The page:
It's a lot of work to assemble each issue of Dartmouth Medicine. Just deciding what to cover involves collecting input from all across the institution and beyond. Then there's lots of legwork—background reading, reporting, researching, interviewing—that goes into every single story before the writing even begins. Meanwhile, we're figuring out how to effectively illustrate each article. Then all the pieces—stories, headlines, graphics, captions—need to be put together on the page (as well as on the screen for our web edition). Finally, everything gets proofread and fact-checked carefully before the issue goes out the door.
Whew! And then the process starts all over again for the next issue . . .
So why do we bother going to all that effort? Of course the main reason is that it's a way of getting out the word about what happens at Dartmouth Medical School and Dartmouth-Hitchcock and about what makes this place so special. Institutions don't exist in a vacuum, and it's important that people who have been or might be touched by the Dartmouth medical enterprise understand the complexity of academic medicine, the contribution research makes to medicine, and the caliber of those whom Dartmouth is turning into physicians and scientists and health-policy experts.
But it also makes a difference to those of us who actually put together each issue that you, our readers, let us know how much you value the magazine. Take a look at our Letters section for just one measure of how engaged our readership is. Many other such magazines don't even have a letters section, and in hardly any does the number of letters regularly rise into the double digits.
Here's another measure of the fact that you value Dartmouth Medicine: 4.76. On our most recent reader survey, that's the average of the responses to the statement "I value receiving the magazine"—on a 1-to-5 scale, with 1 being "not at all" and 5 being "very much."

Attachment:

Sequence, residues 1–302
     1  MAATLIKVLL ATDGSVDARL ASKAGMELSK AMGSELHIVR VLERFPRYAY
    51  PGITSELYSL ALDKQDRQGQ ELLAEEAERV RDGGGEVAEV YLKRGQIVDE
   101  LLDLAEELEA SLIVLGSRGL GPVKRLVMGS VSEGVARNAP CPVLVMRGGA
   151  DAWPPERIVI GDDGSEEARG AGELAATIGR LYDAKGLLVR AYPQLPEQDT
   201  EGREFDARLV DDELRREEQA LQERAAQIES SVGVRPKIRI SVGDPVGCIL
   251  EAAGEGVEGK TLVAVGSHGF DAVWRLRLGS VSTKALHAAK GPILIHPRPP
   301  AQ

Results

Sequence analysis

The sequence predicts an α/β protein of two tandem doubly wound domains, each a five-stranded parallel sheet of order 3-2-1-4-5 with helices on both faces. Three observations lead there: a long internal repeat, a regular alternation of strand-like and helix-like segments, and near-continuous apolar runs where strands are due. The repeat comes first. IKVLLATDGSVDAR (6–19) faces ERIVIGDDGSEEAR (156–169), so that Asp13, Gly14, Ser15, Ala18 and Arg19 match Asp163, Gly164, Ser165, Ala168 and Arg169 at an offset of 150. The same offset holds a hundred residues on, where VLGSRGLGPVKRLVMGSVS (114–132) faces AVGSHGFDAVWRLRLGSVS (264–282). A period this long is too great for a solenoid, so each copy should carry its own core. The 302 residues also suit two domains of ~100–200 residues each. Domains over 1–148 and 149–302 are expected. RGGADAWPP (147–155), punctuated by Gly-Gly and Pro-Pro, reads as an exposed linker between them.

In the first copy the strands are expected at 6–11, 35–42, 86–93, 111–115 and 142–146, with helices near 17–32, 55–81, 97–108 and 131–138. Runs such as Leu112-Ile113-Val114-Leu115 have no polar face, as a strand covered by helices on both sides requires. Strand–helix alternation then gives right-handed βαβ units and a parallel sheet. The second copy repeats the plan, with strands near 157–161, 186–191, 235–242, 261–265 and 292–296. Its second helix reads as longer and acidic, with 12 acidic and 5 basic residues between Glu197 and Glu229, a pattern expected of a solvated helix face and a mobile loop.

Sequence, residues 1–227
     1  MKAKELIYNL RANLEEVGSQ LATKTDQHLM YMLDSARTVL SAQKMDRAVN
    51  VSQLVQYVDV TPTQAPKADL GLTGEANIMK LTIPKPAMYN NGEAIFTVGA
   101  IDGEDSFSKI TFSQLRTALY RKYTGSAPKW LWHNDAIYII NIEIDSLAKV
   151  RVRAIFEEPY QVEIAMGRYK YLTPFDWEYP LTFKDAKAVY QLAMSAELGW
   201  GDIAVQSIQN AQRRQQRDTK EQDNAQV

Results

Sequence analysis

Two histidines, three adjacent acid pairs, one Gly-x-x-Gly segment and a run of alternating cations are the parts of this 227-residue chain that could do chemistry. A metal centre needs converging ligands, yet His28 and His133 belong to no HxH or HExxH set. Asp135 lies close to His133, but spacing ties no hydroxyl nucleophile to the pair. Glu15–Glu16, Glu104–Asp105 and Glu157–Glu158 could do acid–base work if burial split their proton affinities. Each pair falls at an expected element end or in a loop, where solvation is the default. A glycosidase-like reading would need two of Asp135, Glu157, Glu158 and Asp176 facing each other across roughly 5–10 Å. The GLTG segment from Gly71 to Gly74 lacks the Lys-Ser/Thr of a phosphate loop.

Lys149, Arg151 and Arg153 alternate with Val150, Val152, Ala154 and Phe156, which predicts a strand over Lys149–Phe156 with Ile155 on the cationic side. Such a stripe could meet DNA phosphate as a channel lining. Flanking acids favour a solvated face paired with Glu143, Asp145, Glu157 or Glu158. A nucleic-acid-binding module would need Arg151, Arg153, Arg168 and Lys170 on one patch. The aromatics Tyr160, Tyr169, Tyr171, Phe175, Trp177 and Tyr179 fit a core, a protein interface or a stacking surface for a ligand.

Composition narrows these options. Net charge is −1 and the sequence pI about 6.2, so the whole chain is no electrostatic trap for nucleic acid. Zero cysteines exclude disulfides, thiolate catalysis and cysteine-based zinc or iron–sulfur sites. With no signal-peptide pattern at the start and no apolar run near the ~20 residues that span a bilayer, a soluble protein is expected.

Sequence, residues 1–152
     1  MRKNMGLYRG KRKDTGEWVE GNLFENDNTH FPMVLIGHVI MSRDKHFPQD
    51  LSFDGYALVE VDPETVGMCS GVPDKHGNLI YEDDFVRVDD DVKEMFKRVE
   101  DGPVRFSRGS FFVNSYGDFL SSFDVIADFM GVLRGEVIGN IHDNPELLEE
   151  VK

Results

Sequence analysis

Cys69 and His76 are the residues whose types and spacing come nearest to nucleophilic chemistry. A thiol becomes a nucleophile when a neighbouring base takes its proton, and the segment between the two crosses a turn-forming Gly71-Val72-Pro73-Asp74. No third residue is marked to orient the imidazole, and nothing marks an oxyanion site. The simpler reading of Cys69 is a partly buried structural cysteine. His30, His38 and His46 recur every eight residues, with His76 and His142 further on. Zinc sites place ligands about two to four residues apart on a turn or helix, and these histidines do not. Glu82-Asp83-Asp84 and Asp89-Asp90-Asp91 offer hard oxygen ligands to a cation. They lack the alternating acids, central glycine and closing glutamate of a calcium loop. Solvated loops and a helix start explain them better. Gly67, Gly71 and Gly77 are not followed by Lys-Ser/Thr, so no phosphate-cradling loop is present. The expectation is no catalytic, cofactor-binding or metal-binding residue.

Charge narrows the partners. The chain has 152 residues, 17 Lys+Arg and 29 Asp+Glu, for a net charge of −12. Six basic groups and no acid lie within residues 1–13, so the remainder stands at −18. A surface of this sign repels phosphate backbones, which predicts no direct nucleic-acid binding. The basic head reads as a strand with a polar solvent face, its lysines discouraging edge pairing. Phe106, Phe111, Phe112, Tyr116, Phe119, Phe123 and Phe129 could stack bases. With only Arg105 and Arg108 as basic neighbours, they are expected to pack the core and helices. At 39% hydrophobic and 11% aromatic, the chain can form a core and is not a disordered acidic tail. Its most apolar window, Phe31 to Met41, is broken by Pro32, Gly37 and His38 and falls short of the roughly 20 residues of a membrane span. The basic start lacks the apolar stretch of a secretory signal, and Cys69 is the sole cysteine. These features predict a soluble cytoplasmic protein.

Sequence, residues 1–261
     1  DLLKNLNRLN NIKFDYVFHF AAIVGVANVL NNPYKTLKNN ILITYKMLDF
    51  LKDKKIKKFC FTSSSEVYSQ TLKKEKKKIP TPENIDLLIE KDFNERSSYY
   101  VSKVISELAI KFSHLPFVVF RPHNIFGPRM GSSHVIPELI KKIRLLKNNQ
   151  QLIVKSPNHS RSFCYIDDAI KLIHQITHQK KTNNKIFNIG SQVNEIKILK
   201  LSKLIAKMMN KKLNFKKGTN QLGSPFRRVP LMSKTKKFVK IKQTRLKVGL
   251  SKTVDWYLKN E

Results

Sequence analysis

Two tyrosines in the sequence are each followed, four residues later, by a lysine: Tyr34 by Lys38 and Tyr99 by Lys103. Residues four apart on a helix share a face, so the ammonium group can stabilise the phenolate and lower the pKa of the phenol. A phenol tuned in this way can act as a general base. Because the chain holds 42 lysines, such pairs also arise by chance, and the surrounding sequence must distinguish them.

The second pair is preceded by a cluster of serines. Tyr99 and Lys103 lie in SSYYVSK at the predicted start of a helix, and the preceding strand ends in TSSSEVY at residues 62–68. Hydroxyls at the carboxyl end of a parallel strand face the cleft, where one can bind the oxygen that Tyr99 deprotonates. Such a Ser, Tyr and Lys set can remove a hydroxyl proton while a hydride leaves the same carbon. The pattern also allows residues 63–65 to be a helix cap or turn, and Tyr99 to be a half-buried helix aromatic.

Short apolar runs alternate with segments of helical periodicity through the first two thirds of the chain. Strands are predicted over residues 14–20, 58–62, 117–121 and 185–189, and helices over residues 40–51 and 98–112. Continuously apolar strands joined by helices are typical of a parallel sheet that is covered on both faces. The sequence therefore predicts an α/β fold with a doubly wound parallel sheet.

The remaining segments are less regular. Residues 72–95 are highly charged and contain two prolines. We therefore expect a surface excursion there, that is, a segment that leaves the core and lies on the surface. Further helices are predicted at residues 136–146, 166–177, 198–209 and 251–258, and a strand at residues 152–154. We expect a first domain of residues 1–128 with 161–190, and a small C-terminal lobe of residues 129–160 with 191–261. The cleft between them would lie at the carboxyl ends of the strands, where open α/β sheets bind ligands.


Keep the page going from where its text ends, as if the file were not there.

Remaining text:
And 96% of survey respondents rated the magazine's overall quality either 4 or 5—again on a 1-to-5 scale, this time with 1 being "poor" and 5 "excellent." The average response to that question was 4.82, and two respondents even wrote in a 6 at the top end of the scale. And in response to a question aimed at gauging what's known in publishing as "pass-through readership," 98% of respondents "occasionally" or "often" share articles from DM with family, friends, or patients.
We do realize that not everyone feels that way. A few respondents returned cards with 1s and 2s, and some asked to be taken off our mailing list. We're always glad to heed such requests, and we understand that, to paraphrase Abe Lincoln, no one publication can please all the people all the time.
But overall, it's clear that you both enjoy Dartmouth Medicine (the magazine) and appreciate Dartmouth medicine (the institution). In fact, the nonnumerical feedback on the survey made that point even more compellingly. Here's just a smattering of comments from the survey:
"I have no connection to Dartmouth, but I live for this magazine!!!!" (How can we not be touched by four exclamation points!)
"I look forward to appointments at DHMC. I get the right answers. You do it right the first time."
"Thanks to all involved with Dartmouth Med—I've learned so much and been inspired by your wonderful magazine. Funny, thanks to you, I'm more loyal to Dartmouth Med Center than to" closer hospitals.
"DM reinforces my perception of DHMC as a first-rate teaching hospital."
"Your articles are just fabulous (very well written) and inspiring!"
"I have full confidence in DHMC, and magazine helps with this. Very informative."
"Dartmouth Medicine is outstanding. Even the most complicated issues are written so that the layperson can understand."
"Love your magazine! Gives me insight into the 'backstories' of the mysterious (to the layman) medical profession."
"I cannot say enough about the loving care I received there!"
"I am old and very cranky, and I dole out few 5s in life. Thank you. Fine job," wrote a reader who had circled "5" for every single question.
So—on the very occasional days when we feel "cranky," or face pesky damned-if-you-do/ damned-if-you-don't dilemmas, or feel overwhelmed by the complexity of assembling all the pieces of the magazine—that's why we bother!
If you'd like to offer feedback about this article, we'd welcome getting your comments at DartMed@Dartmouth.edu.
This article may not be reproduced or reposted without permission. To inquire about permission, contact DartMed@Dartmouth.edu.